As late as a few years ago, there wasn't much question where a serious investor put his money. There were blue-chip stocks and long-term bonds -- IBM and AT&T, to name just two. The rest was for the speculators, thank you. Reliability was the watchword here. A good return was guaranteed.
Today, the stock market has been left largely to institutions and profit takers. Large-scale investors are shunning the broad market and even the most staid institutions are into such previously unlikely side ventures as real estate and oil- and gas-drilling operations.
The reason: The reality of prolonged, apparently permanent double-digit inflation. Over the past few years, the prospect that inflation is here to stay has prompted most institutional investors and wealthy individuals to make fundamental changes in their overall investment strategies.
Moreover, these shifts have profound implications, both for the nation's financial structure and for the overall economy. Because of them, the markets are far more volatile than before, money is more difficult to raise and inflation may be harder to slow.
"What all this has done is to increase the burden on both corporate and household financing," says Henry Kaufman, economist for Salomon Brothers, the New York investment house. There also may be another casualty: Many analysts believe the old fixed-rate mortgage finally may be dead.
The change actually began after the price surge of 1973, but accelerated sharply in 1979 when a second round of sharp oil-prices increases and forecasts of a continued 9-to-10 percent inflation persuaded investors that inflation wasn't likely to ebb soon. Panic over the budget deficit wasn't only added to the fear.
Burton G. Malkiel, former Ford administration economic adviser who is now a markets specialist at Princeton University, describes the turnaround as a virtual "sea-change in Americans' thinking" about the economy and about investment.
Before then, "there still was a sense that all wasn't lost," Malkiel says, that double-digit inflation was just a bubble that ultimately would pass. But the developments in 1979 sent investors scurrying for protection and away from traditional avenues. The rules of the game were changed dramatically.
The turnaround by investors presaged similar shifts by both corporate managers and individual consumers, who, in late 1979 and early 1980, also altered their own behavior in response to the new, more pessimistic inflation outlook.
Families, persuaded that the price surge wasn't likely to ebb, abandoned their traditional bent for saving in favor of a buy-now mentality that sent them dipping into bankrolls and taking on more and more credit-card debt. Some sent second earners to work.
At the same time, corporations, coming to essentially the same conclusions, profoundly changed their strategies, involving everything from pricing practices and contract terms, to product mix and financing-and-acquisition policies.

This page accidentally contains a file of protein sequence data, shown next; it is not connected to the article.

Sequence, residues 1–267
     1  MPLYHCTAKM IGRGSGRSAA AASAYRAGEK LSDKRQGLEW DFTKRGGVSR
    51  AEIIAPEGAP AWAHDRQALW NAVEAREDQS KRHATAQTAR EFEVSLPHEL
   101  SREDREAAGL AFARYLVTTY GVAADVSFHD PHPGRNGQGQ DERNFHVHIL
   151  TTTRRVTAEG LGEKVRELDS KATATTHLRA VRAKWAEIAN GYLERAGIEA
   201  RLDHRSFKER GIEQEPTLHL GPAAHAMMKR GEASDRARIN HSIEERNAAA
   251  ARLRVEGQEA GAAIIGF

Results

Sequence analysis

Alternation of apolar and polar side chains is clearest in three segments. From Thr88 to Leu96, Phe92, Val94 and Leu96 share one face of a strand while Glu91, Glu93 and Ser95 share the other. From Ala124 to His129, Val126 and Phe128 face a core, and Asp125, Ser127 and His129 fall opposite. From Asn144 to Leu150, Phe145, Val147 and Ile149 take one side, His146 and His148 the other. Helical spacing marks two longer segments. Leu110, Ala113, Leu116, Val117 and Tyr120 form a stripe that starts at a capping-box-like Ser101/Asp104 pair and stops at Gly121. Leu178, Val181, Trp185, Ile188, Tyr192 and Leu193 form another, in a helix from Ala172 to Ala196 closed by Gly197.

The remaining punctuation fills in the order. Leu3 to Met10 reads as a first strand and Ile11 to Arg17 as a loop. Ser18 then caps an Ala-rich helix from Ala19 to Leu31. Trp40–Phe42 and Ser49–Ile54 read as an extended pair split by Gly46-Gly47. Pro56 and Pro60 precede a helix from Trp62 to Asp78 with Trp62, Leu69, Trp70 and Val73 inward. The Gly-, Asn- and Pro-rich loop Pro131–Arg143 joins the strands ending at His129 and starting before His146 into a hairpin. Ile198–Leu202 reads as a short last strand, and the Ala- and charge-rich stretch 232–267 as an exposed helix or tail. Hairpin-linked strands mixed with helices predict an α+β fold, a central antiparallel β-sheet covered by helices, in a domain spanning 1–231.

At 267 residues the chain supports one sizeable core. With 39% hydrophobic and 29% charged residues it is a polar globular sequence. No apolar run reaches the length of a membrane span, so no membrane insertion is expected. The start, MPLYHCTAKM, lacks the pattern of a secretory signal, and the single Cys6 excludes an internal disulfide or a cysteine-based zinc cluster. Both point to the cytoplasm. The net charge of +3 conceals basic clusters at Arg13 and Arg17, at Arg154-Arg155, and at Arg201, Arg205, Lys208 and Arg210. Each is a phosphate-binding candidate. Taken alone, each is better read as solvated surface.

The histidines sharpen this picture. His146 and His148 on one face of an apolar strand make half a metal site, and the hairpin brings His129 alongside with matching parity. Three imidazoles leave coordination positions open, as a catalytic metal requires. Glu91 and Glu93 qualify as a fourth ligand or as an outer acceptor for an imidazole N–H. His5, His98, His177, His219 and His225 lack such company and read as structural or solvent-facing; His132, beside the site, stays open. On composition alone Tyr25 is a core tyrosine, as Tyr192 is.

"What got our alarm clock running," says H. Kent Atkins, chief investment officer of Bankers' Trust Co., "was the explosion in federal spending in the latter years of the Carter administration. It became clear that the cost of providing what we already were providing was getting out of hand."
To Atkins, and a good many other knowledgeable investment analysts, the need to keep ahead of inflation hasn't killed off the more traditional investments, merely altered their role. "It doesn't mean we won't sell 30-year bonds for the telephone company," he says. "But certainly the mix has changed."
The list includes these developements:
Diversification. Wary of being caught in low-return transactions, investors have diversified beyond traditional stocks and bonds into a variety of more inflation-resistant ventures, from commerical and residential mortgages to money-market mutual funds. The bond market particularly has suffered a setback.
Shorter maturity. Concerned about constantly rising inflation, Wall Streeters have shunned 30- and 40-year bonds for shorter-term investments that will mature in six months to seven years. The few long-term securities still being sold now command interest rates as high as 14 or 15 percent.
Real estate and other tangibles. Because tangible assets do so well in keeping up with inflation, investors have turned to them as a hedge. Real estate has been the most popular, but there are also gold and other minerals. By contrast, a decade ago investment in these fields was mainly a European phenomenon.
Energy stocks. An if-you-can't-lick-'em-join-'em philosophy is fueling a strong push into energy-related investments -- both stocks and direct exploration or drilling projects -- in hopes that soaring oil prices will protect investors against inflation. High-technology firms also are an investor favorite.
New instruments. Wall Streeters also have devised a myriad of new financial devices designed to help protect themselves against real losses. Although some employ floating rates that adjust with inflation, others lure investors by offering them equity in the venture if inflation exceeds expectations.